Fort Worth can celebrate this week, as the second location of Dallas’ HG Sply Co. opens on the Trinity River.
HG Sply Co. is a restaurant that boasts it cooks food that’s good "because it’s good." For those of you who aren’t fans of HG yet and are picturing plates of steamed vegetables with lean, grass-fed bison going to every table, think again.
“For those with the paleo sort of diet, there’s a ton of stuff on our menu outside of it: legumes, peanuts,” executive chef Danyele McPherson says. "We try to take things that people want to eat; it’s not just a pile of kale.”
If you Google “paleo restaurant Dallas,” HG Sply Co. pops up as a top place with the label, “American gastropub with a rooftop patio.” The Fort Worth location, McPherson says, has a large patio overlooking the river, too, by the way.
Yes, a paleo-follower can eat there, but so can someone following the keto diet, a non-dairy diet, a vegetarian diet — the average carb-inhaling American, too.
“I think now we are so far beyond that very simplistic mentality,” McPherson says. “Coming to restaurants, it’s not only about the food, fulfilling the need to eat; it’s truly not. We want to go to a restaurant because we want to be in a communal environment. It’s almost about the pomp and circumstance. It’s fun to be at HG Dallas and it’s going to be fun to be at HG Fort Worth.”
A lot on HG's menu is healthy fare: cauliflower grits, vegan queso and a kale Caesar are a few highlights. But McPherson said the goal isn’t to make you go through the menu to identify harmful ingredients or count your macros: It’s to pick a meal and trust it will taste good and make you feel well, she said.
“There’s nothing hidden on the menu,” she says.
“You get the double whammy of, ‘Hey, this is good for me, and it’s delicious,'" McPherson says. "We’ll use certain flour bends: It’s the best version of that that I can offer consciously, but at the end of the day, I also know that I don’t want to eat a lettuce wrap and drink a big glass of whatever every day. Do what you do when you come out to dine; don’t get a lecture from the menu.”
And that’s what customers in Fort Worth are getting.
“We’re taking what Fort Worth loves and putting our spin on it,” she says, meaning there really is a gluten-free chicken-fried steak on the menu.
“Every single person can come out and sit at a table with their friends with their own dietary needs,” she says.
McPherson was a vegetarian for nine years. She also dabbled in being vegan. “That was not what I wanted,” she says.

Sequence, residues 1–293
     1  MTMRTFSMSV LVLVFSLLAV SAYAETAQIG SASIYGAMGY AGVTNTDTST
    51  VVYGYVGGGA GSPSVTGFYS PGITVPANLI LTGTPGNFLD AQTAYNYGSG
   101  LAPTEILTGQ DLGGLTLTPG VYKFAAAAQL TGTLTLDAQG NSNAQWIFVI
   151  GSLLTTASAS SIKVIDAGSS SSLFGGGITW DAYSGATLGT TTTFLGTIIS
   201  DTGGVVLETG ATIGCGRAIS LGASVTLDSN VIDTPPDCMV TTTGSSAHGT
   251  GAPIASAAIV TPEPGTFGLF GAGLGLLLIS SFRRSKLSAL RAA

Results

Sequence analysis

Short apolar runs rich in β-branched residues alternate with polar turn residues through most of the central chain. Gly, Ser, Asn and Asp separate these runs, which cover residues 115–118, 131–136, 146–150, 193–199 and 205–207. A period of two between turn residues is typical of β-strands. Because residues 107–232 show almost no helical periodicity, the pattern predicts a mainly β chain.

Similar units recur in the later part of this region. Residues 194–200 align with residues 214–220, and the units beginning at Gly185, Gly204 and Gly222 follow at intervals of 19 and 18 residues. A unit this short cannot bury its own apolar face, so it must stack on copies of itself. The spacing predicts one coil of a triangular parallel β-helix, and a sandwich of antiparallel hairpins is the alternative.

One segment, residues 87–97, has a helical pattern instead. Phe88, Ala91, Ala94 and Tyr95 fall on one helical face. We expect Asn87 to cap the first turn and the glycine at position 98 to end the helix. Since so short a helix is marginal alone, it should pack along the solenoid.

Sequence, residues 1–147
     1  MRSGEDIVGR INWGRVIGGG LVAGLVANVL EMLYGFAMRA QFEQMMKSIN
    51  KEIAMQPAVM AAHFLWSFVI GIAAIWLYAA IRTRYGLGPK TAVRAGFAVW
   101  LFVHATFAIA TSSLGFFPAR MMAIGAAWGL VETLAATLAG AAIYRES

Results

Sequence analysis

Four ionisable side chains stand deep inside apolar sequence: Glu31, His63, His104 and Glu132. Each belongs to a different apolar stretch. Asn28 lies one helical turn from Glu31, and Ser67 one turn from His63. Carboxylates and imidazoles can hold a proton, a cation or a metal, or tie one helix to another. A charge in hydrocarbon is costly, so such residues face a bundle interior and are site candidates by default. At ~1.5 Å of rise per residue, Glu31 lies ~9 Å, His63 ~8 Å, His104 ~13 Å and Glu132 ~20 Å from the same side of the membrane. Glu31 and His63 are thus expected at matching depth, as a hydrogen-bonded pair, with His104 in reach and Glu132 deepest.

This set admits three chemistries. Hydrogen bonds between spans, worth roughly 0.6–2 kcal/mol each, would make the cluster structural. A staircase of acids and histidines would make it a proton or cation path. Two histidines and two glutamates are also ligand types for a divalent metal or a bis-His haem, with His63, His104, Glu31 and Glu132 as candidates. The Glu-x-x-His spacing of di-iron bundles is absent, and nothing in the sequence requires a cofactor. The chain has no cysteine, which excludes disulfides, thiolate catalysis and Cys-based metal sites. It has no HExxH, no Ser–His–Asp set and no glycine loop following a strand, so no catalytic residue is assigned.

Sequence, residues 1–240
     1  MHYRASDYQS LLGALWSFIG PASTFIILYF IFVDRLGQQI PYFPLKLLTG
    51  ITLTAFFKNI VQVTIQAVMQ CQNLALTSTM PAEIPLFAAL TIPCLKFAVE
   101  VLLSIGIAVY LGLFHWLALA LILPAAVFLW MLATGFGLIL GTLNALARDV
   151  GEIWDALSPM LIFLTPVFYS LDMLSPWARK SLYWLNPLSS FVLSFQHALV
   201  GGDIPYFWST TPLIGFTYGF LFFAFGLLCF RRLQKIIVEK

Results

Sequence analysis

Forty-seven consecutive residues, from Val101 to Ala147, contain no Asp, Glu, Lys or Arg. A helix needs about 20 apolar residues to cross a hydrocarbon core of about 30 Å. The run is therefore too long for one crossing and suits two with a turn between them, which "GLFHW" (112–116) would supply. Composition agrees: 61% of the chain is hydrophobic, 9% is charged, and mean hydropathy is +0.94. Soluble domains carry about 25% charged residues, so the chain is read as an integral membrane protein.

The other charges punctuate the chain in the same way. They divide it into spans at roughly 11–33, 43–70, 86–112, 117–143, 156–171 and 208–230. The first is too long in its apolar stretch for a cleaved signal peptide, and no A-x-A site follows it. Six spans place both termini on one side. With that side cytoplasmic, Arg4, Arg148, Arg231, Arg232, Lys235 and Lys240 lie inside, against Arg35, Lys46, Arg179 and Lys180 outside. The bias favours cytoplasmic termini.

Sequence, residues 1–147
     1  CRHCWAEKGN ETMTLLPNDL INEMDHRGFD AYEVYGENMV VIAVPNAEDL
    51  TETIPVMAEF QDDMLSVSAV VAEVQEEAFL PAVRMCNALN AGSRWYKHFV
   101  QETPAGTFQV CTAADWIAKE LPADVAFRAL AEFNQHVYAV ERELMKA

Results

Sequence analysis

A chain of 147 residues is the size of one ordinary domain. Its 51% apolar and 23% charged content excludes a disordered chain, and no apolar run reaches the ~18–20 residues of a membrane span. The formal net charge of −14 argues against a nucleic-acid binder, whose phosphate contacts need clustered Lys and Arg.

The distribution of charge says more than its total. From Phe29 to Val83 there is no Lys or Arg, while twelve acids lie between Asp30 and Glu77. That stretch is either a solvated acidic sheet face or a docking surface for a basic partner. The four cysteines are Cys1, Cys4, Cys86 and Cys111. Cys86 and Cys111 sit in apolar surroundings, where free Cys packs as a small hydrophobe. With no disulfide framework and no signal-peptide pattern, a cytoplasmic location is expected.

“When I became a chef, I abandoned all restrictions," McPherson says. "If I’m trying to provide the best experience for my customers, I need to be able to eat everything."
McPherson’s background includes a degree from the University of North Carolina in anthropology and history, then working in a university library. While she was employed in her 9-to-5 job, she kept working as a line cook in popular Chapel Hill, North Carolina restaurants.
“What I sort of realized is, I enjoy doing something that’s tactile,” she says. “I have something to show for my hard day’s work; I could feel tools and work toward that end.”
After more office jobs, she found herself at the Culinary Institute of America, which she didn’t finish before moving to Dallas to work with Stephan Pyles, then later at The Grape.
“I learned a lot about cooking and fine dining at Stephan Pyles. At the Grape, I learned this is what it means to be in charge,” she says.
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She later joined the 820 Hospitality Group (which operates HG Sply Co.) to help open Remedy before moving to HG.
“I didn't have any experience really cooking that type of food,” she says. “What I sort of found is I really kind of loved it. I looked at it more as a challenge than a restriction. You have to figure out how you could make the same kind of flavor without relying on these sorts of things [cheese, heavy butter, cream]. It actually ends up being a little better sometimes.
“I think the way food has been put together, if people that don’t subscribe to the [paleo] idea, if they just eat it, they’re just going to like it because it’s good,” she says. “If people have to say, ‘For gluten-free, it’s pretty good ...’ No, it’s not. It just needs to be good because it’s good.”
HG Sply Co., 2008 Greenville Ave., Dallas and 1621 River Run Drive, Fort Worth